2. All cash expenditures are payments. But all cash payments are not expenditure.

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  1. This answer was edited.

    Balance of Petty Cash Book- The balance of petty cash book is an asset and not income. The logic behind the answer is that petty cash book is one of the types of cash book and petty cash book records expenses and incomes which is similar to cash book. Since cash account is considered as an Asset, peRead more

    Balance of Petty Cash Book-

    The balance of petty cash book is an asset and not income. The logic behind the answer is that petty cash book is one of the types of cash book and petty cash book records expenses and incomes which is similar to cash book. Since cash account is considered as an Asset, petty cash book which is a part of cash book is also an asset.

    The balance of petty cash book is never closed and their balances are carried forward to the next accounting period which is considered as one of the most significant qualities of an asset whereas Income doesn’t have any opening balance and their balances get closed at the end of every accounting year.

    Petty cash book is placed under the head current asset in the balance sheet. The Closing Balance of petty cash book is computed by deducting Total expenditure from Total cash receipt (as received from the head cashier).

    To make the above explanation and logic easy. I would like to add a practical example for clear understanding.

    Example Problem

    Prepare Petty Cash Book of Alex & Max Co. from the following information as provided below

    Date  Particulars Amount
    1st Aug Received cash from head cashier 5,000
    4th Aug Paid Cartage expenses 300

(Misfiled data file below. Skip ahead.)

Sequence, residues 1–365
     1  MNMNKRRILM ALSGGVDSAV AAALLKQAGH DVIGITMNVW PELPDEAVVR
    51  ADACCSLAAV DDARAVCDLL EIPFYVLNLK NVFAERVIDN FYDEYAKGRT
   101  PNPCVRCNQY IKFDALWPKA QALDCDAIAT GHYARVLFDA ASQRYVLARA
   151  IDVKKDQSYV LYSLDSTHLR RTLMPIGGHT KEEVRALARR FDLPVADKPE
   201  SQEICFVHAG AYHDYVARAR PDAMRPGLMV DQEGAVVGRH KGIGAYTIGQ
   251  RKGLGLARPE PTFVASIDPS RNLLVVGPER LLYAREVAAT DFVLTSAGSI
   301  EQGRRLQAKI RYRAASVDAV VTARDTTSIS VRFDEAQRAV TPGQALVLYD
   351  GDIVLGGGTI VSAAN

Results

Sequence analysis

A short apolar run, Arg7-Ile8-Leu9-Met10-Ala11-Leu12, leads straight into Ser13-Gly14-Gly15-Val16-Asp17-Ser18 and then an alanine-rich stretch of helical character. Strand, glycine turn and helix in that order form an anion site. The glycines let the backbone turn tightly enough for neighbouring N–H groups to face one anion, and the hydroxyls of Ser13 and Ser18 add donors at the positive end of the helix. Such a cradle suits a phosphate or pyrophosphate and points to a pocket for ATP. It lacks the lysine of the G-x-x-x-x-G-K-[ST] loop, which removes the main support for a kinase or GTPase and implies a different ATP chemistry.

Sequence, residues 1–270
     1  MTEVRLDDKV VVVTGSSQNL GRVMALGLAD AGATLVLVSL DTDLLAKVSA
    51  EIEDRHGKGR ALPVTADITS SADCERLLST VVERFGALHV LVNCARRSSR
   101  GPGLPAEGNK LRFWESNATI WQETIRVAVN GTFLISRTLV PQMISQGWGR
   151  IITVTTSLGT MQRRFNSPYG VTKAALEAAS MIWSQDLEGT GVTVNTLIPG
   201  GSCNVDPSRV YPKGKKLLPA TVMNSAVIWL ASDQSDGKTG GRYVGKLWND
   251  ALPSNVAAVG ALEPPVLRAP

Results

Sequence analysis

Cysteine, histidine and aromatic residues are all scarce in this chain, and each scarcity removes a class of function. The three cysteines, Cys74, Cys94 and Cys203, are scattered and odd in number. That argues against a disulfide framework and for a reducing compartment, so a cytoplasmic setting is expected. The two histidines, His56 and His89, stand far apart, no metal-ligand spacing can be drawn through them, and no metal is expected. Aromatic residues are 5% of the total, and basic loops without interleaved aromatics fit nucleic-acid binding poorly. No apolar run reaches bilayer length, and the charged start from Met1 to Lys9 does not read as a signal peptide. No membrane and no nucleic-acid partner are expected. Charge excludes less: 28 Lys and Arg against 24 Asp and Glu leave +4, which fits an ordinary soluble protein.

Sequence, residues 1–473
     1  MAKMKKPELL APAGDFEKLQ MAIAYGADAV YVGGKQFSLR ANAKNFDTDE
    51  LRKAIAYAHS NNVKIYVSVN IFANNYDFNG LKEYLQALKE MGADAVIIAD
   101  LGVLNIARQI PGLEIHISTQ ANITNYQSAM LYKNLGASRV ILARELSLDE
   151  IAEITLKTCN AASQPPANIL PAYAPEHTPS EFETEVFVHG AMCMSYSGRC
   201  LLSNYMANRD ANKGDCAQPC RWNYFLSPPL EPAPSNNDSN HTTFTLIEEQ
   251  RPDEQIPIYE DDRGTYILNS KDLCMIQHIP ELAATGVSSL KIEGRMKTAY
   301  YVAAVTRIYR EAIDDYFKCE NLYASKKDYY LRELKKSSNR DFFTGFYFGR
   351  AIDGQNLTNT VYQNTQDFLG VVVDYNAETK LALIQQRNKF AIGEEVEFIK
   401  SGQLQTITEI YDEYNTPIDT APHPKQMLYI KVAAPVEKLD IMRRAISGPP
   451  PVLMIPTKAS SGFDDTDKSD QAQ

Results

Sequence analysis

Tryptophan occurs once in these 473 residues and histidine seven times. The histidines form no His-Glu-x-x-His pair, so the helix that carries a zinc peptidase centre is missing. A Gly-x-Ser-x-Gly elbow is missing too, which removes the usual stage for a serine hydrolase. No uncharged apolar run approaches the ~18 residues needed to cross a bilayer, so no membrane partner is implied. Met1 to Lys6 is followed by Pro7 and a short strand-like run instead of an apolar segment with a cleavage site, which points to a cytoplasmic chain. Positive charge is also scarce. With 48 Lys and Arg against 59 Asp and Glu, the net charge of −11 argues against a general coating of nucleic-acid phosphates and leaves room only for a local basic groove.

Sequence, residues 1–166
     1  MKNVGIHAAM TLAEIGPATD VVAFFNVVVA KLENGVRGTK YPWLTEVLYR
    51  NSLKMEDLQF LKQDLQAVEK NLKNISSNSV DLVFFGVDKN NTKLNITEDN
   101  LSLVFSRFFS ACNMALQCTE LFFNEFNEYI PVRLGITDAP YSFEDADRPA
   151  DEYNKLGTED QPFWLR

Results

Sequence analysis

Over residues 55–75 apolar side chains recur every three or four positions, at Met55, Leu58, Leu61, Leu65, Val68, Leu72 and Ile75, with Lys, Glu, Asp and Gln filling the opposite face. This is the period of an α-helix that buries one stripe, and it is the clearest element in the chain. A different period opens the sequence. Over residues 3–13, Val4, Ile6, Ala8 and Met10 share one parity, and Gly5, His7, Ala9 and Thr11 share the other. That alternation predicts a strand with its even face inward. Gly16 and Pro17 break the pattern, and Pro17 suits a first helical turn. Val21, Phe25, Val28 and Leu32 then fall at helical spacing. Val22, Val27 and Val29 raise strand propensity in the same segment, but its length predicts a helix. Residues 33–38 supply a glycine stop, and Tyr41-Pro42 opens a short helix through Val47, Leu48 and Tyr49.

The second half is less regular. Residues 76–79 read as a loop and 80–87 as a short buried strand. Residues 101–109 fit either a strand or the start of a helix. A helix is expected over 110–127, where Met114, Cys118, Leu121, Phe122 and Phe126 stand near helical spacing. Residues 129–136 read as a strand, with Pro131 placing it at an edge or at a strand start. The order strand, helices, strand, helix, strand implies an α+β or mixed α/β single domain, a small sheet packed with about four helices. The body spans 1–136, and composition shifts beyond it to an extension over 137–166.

8th Aug Telephone charges paid 200
    10th Aug Paid Sundry expenses 500

      Petty Cash Book of Alex & Max Co.

    Petty Cash Book

    Conclusion

    I would like to conclude my answer by stating that the balance of petty cash book is an asset and not income.

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  1. Is Income debit or credit? Income is credited. Now, let me help you understand why and how is income credited & not debited. Why and How is Income credited? The account of expenses, losses, incomes, and gains are called as Nominal accounts. So, to ascertain the treatment of income, we need to knRead more

    Is Income debit or credit?

    Income is credited.

    Now, let me help you understand why and how is income credited & not debited.

    Why and How is Income credited?

    The account of expenses, losses, incomes, and gains are called as Nominal accounts. So, to ascertain the treatment of income, we need to know both the Golden rules and Modern rules of accounting for nominal accounts.

    1. Golden rules

    First, we will interpret why income is credited correlating it with the golden rules of nominal account along with an example. Golden rules state-

    Debit all Expenses and Losses & Credit all Incomes and Gains

    This is the reason why income is always to be credited.

    Example

    Professional fees charged by Deloitte Inc. for executing an audit of Pepsico Inc. 10,00,000.

    The journal entry for this transaction in the books of Deloitte Inc. will be-

    Pepsico Inc. A/c Debit 10,00,000 Personal A/c Debit the receiver of service
     To Professional fees A/c Credit  10,00,000 Nominal A/c Credit all incomes and gains

    The above journal entry shows that professional fees is the income for Deloitte Inc. Therefore, it has been credited.

    2. Modern rules

    Now, we will ascertain the reason why income is credited correlating it with the modern rules with the help of an example.

    Modern rules of accounting states-

    Credit the increase in Income

    Example

    Mr. Charles received rent 60,000 in cash from its tenant.

    The journal entry for this transaction in the books of Mr.Charles will be-

    Cash A/c Debit 60,000 Debit the increase in asset
     To Rent received A/c Credit  60,000 Credit the increase in income

    The above entry shows an increase in the income of Mr. Charles by receiving rent from its tenant.